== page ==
Our day of waiting began. Contractions started slow and small and we had a lot of time to rest and think. A lot of time to wonder about the baby we’d so soon say hello and goodbye to. We cried off and on all day, but also smiled and laughed and remembered and imagined.
The physical labor was a completely different experience this time around. Instead of being the hard part leading up to the happy ending, we were very aware that this was the only time we would get to physically care for our baby. It was sweet in ways I wouldn’t have imagined, and we were not impatient to have it done. The end would come soon enough, and it would be harder than the beginning.
Sometime mid-afternoon I was dozing off and on and a simple thought came: I’m God’s little girl. God hasn’t left his little girl alone in this. He’s here, sitting beside me, holding my hand and sharing my sorrow. And right after that thought, I became aware of the music we’d put on softly in the background, a compilation of songs put together by a friend years before. And these lyrics were being sung: “Though I feel alone, I am never alone. You are with me. You are with me. Oh, my Lord.”
Kerry was also resting around the same time and into his mind came a glimpse (vision?) of a tall, strong man in heaven. A man bigger than men here. A man he would describe as “mighty.” The man’s features weren’t clear (that would have been neat), but Kerry got the sense he was our son. Our baby boy, alive, whole. Though we hadn’t delivered yet, Kerry felt pretty certain from that point that our baby was a boy.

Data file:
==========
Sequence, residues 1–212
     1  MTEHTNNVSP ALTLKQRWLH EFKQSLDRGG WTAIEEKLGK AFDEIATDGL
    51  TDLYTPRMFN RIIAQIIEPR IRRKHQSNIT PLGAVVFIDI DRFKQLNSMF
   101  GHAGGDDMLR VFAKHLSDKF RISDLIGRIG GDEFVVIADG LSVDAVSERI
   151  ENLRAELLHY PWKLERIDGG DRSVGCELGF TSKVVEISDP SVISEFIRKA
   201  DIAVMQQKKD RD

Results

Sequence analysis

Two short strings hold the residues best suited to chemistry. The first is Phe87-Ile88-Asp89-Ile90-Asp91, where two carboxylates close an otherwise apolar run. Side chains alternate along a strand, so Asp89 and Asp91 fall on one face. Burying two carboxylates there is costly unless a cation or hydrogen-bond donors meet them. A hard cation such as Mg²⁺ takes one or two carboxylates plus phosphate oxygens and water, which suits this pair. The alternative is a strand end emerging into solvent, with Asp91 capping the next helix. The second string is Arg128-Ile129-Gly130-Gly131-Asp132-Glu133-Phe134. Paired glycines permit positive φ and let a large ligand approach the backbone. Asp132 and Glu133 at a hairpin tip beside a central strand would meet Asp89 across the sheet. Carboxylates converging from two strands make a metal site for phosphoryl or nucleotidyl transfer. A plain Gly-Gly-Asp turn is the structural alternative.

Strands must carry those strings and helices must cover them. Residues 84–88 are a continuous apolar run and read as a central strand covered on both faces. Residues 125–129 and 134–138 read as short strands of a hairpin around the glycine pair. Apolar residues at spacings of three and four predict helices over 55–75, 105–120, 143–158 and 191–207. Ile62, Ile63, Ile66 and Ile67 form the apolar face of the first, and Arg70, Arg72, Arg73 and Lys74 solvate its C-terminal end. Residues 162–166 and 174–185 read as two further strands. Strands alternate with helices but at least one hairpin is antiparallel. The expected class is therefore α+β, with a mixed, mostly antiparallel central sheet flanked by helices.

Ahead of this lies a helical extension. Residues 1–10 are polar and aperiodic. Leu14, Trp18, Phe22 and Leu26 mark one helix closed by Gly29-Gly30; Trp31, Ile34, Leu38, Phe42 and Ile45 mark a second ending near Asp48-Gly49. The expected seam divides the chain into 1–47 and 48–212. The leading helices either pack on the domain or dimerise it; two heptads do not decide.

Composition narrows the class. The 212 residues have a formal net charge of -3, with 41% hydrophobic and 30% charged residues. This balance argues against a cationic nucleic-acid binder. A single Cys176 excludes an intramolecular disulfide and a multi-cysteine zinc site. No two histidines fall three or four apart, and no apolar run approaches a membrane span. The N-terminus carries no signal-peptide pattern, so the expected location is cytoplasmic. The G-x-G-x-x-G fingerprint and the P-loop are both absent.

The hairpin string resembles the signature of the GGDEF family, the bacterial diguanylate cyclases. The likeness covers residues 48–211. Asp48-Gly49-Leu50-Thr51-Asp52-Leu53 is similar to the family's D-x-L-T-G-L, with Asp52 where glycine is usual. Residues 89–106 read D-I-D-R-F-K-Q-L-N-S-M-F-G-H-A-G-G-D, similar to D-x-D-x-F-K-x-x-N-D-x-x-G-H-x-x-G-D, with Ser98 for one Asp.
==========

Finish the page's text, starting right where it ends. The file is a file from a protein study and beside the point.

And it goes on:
Luke Allen (he shares Kerry’s middle name) was born a couple of hours later. He was tiny and beautiful. Not medically perfect — he had a cyst associated with possible chromosomal abnormalities — but perfectly beautiful to me. And so, so very real and human. His hands and feet were perfectly formed with fingernails and joints. Later, his prints would show that the tiniest of details — creases, even — were already there. He had an adorable round belly, shoulders with tiny bones clearly outlined, a sweet little nose, skinny little arms and legs. Our nurse had brought us a knit baby cap earlier in the day, and I cried when I saw how easily it fit into the palm of my hand. It was still far too big for our boy, who was five inches “tall” and weighed two-and-a-half ounces.
He was Luke the moment he was conceived. A boy whose days were already known to his perfect Creator. Yet, at fifteen weeks and five days old, when his body was already perfectly formed down to the smallest detail, he was still more than a month under the legal timeline for elective abortion in our state. It’s hard to wrap my mind around this. Our boy was precious and lovely and we will grieve our loss of him for the rest of our lives. And every day little bodies and lives like his are intentionally destroyed and thrown away. I have no words.